Editorial: Democracy for the many

GPEx's newly-elected Chair introduces the issue theme of 'reviving democracy' and explains how Greens are leading the charge to open up our democracy to all

Clare Lorraine Phipps
Tue 8 Nov 2016

In this party, we believe in democracy for the many, not the few. While Labour has always elected men as leaders, this September the Greens not only selected a woman for the fourth term in a row, we also have voted for her to lead as a job-share, and with someone who has been vocal about his experience as a carer of a disabled child. And I am immensely proud of what is almost certainly another England and Wales political party first this year: electing a young woman, and one who is disabled, as the Green Party Executive's Chair.

In the Greens, we have always believed in opening up democracy. But doing so is more important than ever at a time when many are disillusioned with politics, and when people who say that the public have 'had enough?of experts' can tap into that despondency with catastrophic consequences. Our Parliament is still two-thirds male, has less than a handful of disabled MPs, and far fewer people of colour, or who are trans or nonbinary, than is representative of the population. Unsurprisingly, the ideological policies of austerity have hit those least well represented the hardest. In this context, it is understandable many feel that traditional ways of engaging with democracy are 'not for people like us'.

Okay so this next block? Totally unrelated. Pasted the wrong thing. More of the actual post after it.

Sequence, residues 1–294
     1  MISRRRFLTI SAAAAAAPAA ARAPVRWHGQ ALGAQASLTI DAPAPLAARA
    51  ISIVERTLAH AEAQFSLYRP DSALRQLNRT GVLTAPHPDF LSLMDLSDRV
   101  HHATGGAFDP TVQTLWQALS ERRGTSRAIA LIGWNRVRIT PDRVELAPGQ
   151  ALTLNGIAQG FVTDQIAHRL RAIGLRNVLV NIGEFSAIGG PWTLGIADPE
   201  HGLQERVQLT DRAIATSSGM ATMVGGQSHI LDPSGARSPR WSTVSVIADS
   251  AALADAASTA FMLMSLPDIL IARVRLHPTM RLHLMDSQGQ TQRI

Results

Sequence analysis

Rather than engage with a seemingly fixed system, it is reassuring that people have not given up on democracy entirely. There is continual interest in public demonstrations and in online petitions, and pressure groups not affiliated to any one party. And, after years of 'tactical voting' under our first- past-the-post system, no one can say there was anything less than a huge interest in the EU referendum.

Citizens' representation is still being squeezed, both via withdrawal from the European Union and through the proposed boundary changes for UK Parliamentary constituencies. We must act now, not only to revive our democracy, but to prevent it from slipping backwards. As a party, we know that more must be done to increase diversity within politics - as Women's Equalities Spokesperson Sarah Cope and I argued during our campaign to allow MPs the right to job-share, turnout is likely to increase as people begin to see politics as something not just for the 'pale, stale and male'. And we know that voting system reform, including reforming the way we populate the House of Lords, is essential. Flicking through these pages, it is clear that Greens are leading the charge to open up our democracy to all.